The rest of the first meeting consisted of introducing the game design, the stakeholders, and the historical context. The students were given a quick introduction to Mercurial and the MercurialEclipse plugin, and they were shown how to upload an image to a shared repository. Their first assignment, then, was to upload a portrait to a shared repository to help us get to know each others' names.

The second day (Wednesday) was a breakneck introduction to test-driven development, entity system architectures, pair programming, and Scrum. This was done in a lecture-oriented style, primarily as a means to maximize throughput. It was expected — and experience has shown — that not much of this was retained by the students, but it did help them build a mental framework of what level of rigor was expected. This resulted in the studio size decreasing from thirty to twenty-five, which I see as a positive step: students who were not willing to make the investment elected to choose another course. (It is an unfortunate phenomenon that, even at the 300-level, students mistake "Game programming" as a light and fun elective, when in fact, it is grueling and fun.)

The third and final meeting of the week (Friday) was mostly devoted to team formation and task allocation. Based on the number of registered students, I directed them to form four teams. The teams were formed primarily based on pre-existing social networks, at least according to my informal observations. At one point, there were three complete teams formed, but a headcount revealed that two students had not actually been incorporated into a team. Two of the teams shed members to join these two to be the final team, whom I will reference later as "that team I mentioned before."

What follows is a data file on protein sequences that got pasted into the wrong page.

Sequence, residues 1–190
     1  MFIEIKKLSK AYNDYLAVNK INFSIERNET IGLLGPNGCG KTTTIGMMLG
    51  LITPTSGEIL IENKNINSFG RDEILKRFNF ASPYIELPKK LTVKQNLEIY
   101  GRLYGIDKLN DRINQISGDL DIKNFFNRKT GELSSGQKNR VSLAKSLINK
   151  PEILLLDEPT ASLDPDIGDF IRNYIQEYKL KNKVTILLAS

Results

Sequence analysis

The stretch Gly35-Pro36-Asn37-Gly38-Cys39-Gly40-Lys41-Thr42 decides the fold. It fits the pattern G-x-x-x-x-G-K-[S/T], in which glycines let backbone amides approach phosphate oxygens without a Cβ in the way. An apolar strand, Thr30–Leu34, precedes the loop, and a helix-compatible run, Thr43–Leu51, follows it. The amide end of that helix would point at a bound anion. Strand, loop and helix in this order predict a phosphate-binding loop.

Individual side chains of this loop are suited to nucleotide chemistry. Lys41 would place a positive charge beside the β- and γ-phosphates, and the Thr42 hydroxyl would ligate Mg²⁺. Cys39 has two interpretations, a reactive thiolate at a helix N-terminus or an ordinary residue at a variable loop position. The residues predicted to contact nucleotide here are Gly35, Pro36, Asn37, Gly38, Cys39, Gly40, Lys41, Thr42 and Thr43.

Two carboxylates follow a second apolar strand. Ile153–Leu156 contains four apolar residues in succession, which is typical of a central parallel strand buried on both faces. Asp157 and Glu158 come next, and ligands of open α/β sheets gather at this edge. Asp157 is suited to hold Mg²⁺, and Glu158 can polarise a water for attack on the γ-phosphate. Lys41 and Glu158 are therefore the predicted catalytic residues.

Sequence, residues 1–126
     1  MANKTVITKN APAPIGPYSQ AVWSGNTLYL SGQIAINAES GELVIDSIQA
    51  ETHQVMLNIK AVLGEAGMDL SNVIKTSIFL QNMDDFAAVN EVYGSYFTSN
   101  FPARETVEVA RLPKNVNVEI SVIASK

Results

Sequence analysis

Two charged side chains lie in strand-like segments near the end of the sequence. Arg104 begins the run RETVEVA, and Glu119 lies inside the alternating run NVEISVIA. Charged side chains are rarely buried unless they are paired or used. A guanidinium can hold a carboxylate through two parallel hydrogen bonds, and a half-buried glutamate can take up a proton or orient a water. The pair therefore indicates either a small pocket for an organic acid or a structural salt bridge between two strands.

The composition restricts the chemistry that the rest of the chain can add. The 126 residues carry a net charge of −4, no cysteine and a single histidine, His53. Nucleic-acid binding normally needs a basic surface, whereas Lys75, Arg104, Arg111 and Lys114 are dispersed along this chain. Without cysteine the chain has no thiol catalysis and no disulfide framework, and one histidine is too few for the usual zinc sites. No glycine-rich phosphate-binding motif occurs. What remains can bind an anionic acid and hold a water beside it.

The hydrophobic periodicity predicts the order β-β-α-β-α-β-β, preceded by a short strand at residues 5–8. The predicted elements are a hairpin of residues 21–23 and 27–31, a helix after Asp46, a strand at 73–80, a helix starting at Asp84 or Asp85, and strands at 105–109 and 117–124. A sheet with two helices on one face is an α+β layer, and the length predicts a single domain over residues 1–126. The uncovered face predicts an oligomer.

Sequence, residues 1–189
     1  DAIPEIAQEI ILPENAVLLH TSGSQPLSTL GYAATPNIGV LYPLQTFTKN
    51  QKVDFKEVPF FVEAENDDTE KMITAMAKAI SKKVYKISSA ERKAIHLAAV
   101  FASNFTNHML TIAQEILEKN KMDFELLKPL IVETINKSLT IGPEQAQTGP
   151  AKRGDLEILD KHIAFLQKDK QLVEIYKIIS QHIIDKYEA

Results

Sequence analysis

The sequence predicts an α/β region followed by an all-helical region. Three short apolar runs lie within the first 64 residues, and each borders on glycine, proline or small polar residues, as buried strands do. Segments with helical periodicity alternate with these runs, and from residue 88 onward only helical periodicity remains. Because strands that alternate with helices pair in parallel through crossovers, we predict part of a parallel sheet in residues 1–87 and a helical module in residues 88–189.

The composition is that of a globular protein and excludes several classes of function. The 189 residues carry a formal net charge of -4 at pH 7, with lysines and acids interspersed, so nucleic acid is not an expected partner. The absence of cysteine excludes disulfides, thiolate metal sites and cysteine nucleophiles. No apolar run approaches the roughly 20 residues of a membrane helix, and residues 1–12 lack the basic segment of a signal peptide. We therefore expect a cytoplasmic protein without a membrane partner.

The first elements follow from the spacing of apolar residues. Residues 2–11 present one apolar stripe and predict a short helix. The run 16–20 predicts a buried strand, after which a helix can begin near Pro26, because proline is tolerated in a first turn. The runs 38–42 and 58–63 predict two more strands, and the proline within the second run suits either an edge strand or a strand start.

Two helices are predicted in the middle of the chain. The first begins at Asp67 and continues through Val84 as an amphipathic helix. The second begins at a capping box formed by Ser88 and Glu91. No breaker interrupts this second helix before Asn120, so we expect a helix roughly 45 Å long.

For the first sprint, I wanted to give the students an "easy win" in order to build morale, and I wanted to ease them into Scrum, entity systems, and TDD. Based on this motivation, I set up a product backlog consisting of user stories that were all at the task level. That is, I had pre-sliced problems into tasks achievable by pairs of students. These were, in a sense, not proper product backlog items, since many had to do with software architecture and not anything that has value to the stakeholders, but to me this was a reasonable accommodation in my circumstances.

Sprint One: Two weeks

The first sprint was a success. All of the teams delivered their product backlog items (PBIs) modulo some miscommunication and minor revisions. Most of the tasks were fairly straightforward implementation tasks, the sort that would take me under an hour, but that I expected the students to take much longer since the learning curve was so steep. It's worth mentioning that the team I mentioned before happened to pick up the most difficult of these tasks. Given that the team was made up of a hodgepodge of students as opposed to a motivated group of friends, I was concerned as to how they would handle it, but this team came together in an exemplary way to solve their problems. (More on that in a later blog post, perhaps.)